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6:08 AM | Reality Is That Which, When You Stop Believing In It, Doesn’t Go Away
I’m sure we all remember Pascal’s Wager. Though it is often wrongly presented as an argument for God’s existence, it was really intended as an argument for why we should act as though we believe in God. Roughly, the idea was that if you believe in God and you’re wrong then, well, no big deal.…

January 09, 2015

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11:46 PM | How to Run on Water…
Throughout history, there are tales of people walking o […]
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11:03 PM | Garden sculpture - kinetic and komfortable
Oooo!  TPP has got to get himself one of these Kate Brown garden sculptures/seats. They look really cool, and at first glance it did not occur to TPP that these were anything but art. But they are seats too, so you don't have to be gauche and sit on some d'objet d'art. And they spin! A complete 360 degree 3-fer. Hmm, the only thing that may be missing is the holder for your margarita cup.  HT to Treehugger.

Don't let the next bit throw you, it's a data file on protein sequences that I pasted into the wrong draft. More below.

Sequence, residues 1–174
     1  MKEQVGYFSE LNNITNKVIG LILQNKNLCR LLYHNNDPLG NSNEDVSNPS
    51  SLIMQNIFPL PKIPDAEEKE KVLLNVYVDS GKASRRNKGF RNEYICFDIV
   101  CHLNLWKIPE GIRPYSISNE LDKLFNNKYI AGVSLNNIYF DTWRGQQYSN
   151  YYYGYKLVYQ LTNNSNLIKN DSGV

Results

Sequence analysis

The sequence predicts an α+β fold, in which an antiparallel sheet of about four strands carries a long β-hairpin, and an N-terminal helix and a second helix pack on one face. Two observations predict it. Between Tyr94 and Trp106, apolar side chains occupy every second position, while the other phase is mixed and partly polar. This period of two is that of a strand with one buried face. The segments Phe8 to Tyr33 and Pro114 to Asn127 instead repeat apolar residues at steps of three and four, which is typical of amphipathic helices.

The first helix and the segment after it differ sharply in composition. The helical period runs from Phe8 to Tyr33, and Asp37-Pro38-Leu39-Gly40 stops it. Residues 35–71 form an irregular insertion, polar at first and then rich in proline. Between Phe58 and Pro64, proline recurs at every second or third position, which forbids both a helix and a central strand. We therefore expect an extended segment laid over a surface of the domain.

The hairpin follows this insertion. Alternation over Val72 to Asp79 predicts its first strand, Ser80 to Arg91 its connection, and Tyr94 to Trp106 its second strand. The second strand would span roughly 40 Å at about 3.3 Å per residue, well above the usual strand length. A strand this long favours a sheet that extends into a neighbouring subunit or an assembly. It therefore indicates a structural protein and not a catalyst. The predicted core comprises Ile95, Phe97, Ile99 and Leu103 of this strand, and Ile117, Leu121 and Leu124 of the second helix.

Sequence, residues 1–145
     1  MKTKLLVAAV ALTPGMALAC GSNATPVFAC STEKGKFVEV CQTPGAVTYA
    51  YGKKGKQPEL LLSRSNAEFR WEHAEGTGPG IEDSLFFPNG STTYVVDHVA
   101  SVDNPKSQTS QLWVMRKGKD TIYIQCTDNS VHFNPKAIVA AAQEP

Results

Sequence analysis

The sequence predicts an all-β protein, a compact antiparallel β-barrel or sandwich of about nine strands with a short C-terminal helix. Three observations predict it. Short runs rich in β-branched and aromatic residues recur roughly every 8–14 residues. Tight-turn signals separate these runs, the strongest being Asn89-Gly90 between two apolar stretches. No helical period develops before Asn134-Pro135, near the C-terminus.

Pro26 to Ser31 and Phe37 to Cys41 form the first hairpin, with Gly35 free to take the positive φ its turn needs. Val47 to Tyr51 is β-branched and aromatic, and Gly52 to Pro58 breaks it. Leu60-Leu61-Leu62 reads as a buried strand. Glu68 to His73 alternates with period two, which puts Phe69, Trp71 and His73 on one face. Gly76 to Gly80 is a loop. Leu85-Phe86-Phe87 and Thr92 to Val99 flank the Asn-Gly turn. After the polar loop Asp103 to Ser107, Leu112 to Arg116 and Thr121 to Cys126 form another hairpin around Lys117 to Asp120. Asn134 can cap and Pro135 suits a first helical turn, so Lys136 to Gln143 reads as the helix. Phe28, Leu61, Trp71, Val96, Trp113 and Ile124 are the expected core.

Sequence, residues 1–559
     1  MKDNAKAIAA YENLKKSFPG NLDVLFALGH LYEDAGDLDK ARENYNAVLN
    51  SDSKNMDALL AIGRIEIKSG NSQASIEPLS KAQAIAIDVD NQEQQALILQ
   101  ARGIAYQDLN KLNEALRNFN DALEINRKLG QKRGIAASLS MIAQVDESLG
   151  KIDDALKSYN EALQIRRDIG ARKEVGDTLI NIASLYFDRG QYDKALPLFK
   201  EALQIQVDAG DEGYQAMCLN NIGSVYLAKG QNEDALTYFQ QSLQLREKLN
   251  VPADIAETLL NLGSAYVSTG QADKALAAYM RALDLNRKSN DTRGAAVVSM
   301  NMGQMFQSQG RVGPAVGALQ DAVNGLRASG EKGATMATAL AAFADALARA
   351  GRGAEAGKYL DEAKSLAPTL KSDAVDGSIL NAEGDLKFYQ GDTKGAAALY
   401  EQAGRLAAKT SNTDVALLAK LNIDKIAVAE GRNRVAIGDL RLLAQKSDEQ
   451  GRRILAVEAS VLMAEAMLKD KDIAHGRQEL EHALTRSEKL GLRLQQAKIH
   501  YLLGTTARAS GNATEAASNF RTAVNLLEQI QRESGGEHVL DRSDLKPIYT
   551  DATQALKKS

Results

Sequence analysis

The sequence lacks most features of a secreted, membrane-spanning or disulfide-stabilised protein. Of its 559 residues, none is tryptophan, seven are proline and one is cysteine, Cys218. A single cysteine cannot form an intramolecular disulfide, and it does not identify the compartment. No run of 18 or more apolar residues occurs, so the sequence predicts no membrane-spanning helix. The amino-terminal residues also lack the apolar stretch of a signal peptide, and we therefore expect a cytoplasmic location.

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10:48 PM | Do bananas have seeds?
A curious reader has submitted a question?  So TPP will give this curious primate an answer. Yes, bananas have seeds because they are seed plants. Now you've all eaten bananas and you probably did not seeds; nothing to eat around as in a watermelon. All varieties of standard banana cultivars are sterile; the fruit develop and mature, but the seeds don't. If you look closely inside your banana you'll see that it consists of 3 units (carpels) and near the point where the 3 units meet, you […]
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10:43 PM | Deconstructing a Crocodile
The skeleton was one of the most beautiful I’ve ever seen. Propped up on a table in the …